In the higher education sector there is an increasing amount of dialogue about involving students in the co-design of learning, teaching and assessment. The idea of students as partners, as having agency in their own learning and assessment experiences is the subject of much interest. There is an evolving body of research that demonstrates students have a valuable role to play and there are significant benefits for the institutions, staff and students. These include but are not limited to, enhanced engagement, higher levels of motivation, more authentic learning and assessment experiences, enhanced student-staff relationships and development of a range of graduate attributes including the ability to make evaluative judgements about the quality of work.
However, with all that we know is positive about students as partners in higher education, and the increasing number of research projects that look at different aspects of this, is much really happening in practice? Whilst many staff are intrigued by the possibilities of co-creation of learning and teaching they perceive or experience challenges experience as they would move beyond and across traditional teacher-student roles.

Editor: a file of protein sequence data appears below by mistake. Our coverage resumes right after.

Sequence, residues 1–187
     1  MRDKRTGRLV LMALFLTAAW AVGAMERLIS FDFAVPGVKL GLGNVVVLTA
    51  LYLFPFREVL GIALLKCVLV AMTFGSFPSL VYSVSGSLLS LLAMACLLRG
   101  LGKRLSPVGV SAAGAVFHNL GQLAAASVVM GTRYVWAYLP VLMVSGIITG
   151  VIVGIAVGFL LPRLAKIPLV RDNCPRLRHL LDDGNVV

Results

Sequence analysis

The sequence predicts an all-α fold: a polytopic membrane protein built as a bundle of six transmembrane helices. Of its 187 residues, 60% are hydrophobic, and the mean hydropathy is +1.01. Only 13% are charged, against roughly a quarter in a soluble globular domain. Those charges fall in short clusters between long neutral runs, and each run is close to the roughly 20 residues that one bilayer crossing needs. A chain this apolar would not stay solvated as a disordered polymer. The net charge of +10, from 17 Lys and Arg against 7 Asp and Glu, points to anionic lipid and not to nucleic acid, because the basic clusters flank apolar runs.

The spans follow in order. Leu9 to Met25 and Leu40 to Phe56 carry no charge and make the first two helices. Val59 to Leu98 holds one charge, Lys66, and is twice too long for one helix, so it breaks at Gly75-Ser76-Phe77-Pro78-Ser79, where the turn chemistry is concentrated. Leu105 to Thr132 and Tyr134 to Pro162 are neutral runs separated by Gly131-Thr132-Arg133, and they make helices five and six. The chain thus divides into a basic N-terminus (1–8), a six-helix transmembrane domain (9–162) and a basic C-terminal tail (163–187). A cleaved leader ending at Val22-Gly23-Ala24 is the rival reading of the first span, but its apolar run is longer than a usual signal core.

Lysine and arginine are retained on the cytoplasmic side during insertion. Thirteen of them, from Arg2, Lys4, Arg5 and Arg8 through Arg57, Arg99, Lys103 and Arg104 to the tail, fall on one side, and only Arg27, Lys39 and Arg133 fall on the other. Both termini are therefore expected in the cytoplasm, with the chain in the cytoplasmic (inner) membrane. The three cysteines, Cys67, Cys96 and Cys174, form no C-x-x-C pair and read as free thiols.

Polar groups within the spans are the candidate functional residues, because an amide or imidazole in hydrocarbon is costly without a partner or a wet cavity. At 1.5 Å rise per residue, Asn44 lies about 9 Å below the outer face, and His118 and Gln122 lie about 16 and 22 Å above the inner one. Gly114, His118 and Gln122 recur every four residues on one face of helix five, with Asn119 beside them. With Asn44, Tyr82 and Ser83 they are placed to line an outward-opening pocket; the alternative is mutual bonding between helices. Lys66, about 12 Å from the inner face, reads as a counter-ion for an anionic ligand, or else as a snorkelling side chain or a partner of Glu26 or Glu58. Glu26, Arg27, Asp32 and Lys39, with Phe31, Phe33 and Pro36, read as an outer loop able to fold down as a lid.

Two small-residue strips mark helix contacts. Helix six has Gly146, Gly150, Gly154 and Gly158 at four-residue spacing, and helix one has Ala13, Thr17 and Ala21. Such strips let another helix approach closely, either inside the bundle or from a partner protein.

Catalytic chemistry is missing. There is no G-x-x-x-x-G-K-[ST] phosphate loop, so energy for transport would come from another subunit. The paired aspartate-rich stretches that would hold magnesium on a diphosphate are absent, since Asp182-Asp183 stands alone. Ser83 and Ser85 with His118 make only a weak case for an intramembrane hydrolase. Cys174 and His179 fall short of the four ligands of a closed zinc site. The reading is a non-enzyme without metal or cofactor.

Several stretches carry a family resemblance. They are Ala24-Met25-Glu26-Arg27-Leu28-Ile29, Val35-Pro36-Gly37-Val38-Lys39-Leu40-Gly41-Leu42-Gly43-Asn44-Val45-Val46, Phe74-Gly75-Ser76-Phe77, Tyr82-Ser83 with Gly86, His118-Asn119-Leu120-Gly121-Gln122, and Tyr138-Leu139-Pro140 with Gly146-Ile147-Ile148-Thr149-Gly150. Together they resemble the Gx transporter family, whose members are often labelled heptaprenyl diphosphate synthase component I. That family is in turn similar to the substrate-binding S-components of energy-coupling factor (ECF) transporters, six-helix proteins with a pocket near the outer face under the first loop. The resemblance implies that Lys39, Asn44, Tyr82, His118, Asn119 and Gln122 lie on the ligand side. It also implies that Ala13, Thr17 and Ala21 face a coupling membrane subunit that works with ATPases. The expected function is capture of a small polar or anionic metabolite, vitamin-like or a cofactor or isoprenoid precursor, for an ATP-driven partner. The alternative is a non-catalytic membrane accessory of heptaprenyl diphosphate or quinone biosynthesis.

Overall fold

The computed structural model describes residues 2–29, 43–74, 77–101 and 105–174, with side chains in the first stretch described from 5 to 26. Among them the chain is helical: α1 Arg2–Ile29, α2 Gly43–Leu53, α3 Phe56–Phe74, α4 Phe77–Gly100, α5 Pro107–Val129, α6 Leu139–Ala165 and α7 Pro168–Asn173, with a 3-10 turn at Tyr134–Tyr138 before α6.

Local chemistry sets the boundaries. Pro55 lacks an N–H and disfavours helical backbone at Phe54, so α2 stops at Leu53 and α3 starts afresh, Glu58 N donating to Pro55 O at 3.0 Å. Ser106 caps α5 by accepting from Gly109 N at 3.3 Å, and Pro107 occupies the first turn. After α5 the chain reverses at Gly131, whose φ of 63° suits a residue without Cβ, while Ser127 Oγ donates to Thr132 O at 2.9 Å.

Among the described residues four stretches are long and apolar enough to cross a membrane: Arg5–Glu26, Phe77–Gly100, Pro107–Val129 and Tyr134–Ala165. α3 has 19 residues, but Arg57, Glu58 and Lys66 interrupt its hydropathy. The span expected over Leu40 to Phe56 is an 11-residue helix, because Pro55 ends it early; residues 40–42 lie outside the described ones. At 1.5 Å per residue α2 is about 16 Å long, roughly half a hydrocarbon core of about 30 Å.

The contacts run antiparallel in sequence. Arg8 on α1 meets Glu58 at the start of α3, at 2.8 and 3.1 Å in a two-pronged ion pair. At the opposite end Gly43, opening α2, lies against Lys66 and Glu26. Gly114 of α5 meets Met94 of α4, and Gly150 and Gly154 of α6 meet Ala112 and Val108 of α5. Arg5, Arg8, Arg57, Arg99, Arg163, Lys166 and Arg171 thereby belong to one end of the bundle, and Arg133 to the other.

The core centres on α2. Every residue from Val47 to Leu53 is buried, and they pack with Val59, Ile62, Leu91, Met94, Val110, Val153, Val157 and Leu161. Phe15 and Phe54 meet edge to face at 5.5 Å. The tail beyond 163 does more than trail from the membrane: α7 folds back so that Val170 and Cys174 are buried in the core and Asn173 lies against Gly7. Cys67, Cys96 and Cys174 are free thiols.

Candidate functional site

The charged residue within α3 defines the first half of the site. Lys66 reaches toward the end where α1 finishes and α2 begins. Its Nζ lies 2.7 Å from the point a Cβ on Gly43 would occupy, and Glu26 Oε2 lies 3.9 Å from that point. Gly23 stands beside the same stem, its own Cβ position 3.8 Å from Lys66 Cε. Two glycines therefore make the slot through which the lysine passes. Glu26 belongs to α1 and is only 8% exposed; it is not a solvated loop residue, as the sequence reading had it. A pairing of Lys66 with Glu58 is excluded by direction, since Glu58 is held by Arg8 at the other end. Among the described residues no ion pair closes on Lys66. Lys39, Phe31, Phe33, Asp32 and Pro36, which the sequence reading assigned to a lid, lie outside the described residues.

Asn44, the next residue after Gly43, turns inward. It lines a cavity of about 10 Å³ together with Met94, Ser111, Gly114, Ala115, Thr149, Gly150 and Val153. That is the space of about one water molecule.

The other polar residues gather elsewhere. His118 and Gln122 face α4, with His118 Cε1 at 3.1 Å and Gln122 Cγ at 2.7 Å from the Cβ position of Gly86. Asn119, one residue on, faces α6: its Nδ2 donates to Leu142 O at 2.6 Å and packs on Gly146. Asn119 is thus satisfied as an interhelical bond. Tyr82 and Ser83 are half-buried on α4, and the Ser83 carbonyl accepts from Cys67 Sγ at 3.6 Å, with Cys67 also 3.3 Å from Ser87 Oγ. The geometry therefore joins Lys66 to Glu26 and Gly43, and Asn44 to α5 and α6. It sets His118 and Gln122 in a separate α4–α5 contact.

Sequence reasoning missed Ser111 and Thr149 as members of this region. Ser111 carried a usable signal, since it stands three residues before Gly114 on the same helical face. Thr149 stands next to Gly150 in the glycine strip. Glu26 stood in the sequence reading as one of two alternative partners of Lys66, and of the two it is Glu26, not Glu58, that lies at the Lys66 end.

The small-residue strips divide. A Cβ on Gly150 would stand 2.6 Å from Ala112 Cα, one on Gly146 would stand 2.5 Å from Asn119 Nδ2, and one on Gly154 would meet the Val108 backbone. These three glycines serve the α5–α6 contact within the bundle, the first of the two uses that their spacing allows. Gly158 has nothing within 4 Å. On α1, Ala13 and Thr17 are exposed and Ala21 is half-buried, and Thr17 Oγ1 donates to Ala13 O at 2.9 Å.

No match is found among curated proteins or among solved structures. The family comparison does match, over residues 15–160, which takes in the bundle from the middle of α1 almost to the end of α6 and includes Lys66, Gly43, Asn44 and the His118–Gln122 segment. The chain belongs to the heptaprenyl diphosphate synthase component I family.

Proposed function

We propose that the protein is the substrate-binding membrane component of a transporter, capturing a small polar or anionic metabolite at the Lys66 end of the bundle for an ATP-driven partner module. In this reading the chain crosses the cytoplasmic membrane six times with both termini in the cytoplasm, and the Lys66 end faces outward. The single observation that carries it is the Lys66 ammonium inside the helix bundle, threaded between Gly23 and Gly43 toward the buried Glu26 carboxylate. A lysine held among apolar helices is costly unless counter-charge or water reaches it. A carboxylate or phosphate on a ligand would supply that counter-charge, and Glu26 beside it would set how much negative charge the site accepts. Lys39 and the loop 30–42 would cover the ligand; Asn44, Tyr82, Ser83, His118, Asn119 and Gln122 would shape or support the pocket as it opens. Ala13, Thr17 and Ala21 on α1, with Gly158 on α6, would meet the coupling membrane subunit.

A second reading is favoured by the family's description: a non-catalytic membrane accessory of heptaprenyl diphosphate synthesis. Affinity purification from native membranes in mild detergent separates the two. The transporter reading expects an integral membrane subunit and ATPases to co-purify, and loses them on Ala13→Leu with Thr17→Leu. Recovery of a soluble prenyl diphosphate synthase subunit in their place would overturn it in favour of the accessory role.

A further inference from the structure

In this session we will share insights into a study conducted at a higher education provider where students were partners in the development of grading criteria in existing assessment tasks that also led to modification of the actual assessment tasks. The teachers and the students experiences are presented, and a strategy for whole of institution innovation provided.